The Food and Drug Administration is enacting “historic” regulations aimed at e-cigarettes to further reduce youth nicotine consumption, but a top regulatory expert says the government is needlessly meddling and actually making Americans less healthy.
On Thursday, Health and Human Services Secretary Sylvia Burwell announced that e-cigarette makers would be subject to the same standards as traditional tobacco firms, including marketing bans, warning labels on packages and requiring purchasers to be 18 years or older.
But perhaps the most significant part of the rule is that any product brought to market since February 15, 2007, will be subject to rigorous clearance procedures by the government just to stay in business. Hand-rolled cigars, hookahs and pipe tobacco are also under the same rule, which stems from the Tobacco Control Act of 2009.
“It’s actually a lot worse than they make it sound,” said Jeff Stier, director of the Risk Analysis Division at the National Center for Public Policy Research. “They’re actually holding them to a dramatically higher standard.”
Stier told WND and Radio America, “What the FDA did is so troubling because it will have the effect of taking almost all of the products, e-cigarettes, off the market because it’s holding these products to a pre-marketing approval requirement that even the FDA acknowledges may cost up to a million dollars each and will hold it to a standard that is so far very hard to prove.”
Stier finds that especially frustrating because he said research shows e-cigarettes are demonstrably healthier for smokers than standard cigarettes.
“The Royal College of Physicians just a week-and-a-half ago released its own historic report and recommended in England that doctors recommend that patients who smoke switch to e-cigarettes because they are so much less harmful,” Stier said. “They call it nicotine without the smoke. It’s the smoke that’s dangerous.”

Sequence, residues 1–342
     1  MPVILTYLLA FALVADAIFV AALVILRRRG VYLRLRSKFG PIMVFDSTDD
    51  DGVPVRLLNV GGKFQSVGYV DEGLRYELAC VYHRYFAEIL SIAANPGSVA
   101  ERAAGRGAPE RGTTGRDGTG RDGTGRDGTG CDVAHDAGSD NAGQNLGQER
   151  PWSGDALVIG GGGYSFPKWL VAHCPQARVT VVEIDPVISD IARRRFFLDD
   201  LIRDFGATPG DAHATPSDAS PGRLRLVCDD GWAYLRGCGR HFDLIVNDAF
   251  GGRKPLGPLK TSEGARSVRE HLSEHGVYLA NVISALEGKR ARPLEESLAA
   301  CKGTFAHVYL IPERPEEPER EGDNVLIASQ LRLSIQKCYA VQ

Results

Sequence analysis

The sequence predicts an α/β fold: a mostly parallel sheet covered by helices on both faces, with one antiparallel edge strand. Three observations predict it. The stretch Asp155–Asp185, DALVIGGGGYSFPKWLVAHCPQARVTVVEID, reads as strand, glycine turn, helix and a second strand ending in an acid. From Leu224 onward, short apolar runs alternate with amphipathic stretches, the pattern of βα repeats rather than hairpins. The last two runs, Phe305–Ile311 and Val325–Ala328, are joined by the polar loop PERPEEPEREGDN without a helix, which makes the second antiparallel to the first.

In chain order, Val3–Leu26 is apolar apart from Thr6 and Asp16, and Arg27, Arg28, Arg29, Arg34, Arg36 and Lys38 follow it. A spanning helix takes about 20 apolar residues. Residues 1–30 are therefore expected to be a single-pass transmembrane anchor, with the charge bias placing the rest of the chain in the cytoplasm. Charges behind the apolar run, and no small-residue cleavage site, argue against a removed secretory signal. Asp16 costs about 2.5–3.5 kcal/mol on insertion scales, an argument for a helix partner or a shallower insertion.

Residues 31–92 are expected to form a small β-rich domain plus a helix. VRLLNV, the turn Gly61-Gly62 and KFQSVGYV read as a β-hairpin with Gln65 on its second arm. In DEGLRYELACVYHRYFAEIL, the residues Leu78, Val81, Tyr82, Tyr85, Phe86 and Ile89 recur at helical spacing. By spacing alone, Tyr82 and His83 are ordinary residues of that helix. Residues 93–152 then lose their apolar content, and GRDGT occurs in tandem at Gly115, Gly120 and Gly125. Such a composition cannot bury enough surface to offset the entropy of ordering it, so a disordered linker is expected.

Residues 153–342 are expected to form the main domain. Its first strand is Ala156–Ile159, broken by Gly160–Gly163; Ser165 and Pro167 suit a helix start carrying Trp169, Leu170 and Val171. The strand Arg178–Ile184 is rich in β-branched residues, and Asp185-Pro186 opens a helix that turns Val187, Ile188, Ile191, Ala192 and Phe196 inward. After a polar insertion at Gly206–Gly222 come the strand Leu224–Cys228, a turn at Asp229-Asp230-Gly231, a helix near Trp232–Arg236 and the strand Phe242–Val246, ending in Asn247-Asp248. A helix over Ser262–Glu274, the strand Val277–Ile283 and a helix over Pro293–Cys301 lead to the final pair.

Listen to the WND/Radio America interview with Jeff Stier:
So why is the FDA dropping the hammer on e-cigarettes?
“Because it’s the government. Seriously, this is an opportunity that the FDA has to regulate a new product, and they are basically drooling over it,” said Stier, who points out tobacco firms aren’t facing standards anywhere near as high as e-cigarette makers.
Stier said the Tobacco Control Act requires any product in this area to be proven safer than traditional tobacco products and also be safer for the general public. But he also said Congress can take an important step in making these new FDA rules less burdensome. There is an amendment to an upcoming appropriations bill that would essentially grandfather e-cigarettes into the marketplace by moving the deadline from 2007 to the present day.
“The clock is ticking, and Congress needs to pass amendment through the entire appropriations bill now because otherwise cigarette smokers’ lives are at risk because the FDA will be taking away a much less harmful alternative to smoking,” Stier said.
If you’re wondering why e-cigarettes are being regulated under the Tobacco Control Act when they contain no tobacco, Stier said it’s part of the Obama FDA’s legacy of redefining what words mean – from tobacco products to using 300 words to define what a menu is so calorie counts have to be published on every thing from ads to coupons.
“In the Obama administration regulatory world, the legacy is that reality is irrelevant and the rules that we make up will govern your lives,” Stier said. “Unfortunately, they’re making our food more expensive, and they’re making it harder for smokers to quit. That’s bad for public health.”